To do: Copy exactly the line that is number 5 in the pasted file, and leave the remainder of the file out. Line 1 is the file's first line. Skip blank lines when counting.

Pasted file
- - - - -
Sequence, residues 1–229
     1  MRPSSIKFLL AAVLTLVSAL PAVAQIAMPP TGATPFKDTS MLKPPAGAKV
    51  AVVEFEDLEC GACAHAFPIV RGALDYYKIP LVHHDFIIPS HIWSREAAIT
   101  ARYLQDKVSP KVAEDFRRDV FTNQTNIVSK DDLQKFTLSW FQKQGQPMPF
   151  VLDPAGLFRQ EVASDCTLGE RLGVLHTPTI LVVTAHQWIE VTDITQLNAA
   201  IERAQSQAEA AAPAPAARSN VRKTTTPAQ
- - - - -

   151  VLDPAGLFRQ EVASDCTLGE RLGVLHTPTI LVVTAHQWIE VTDITQLNAA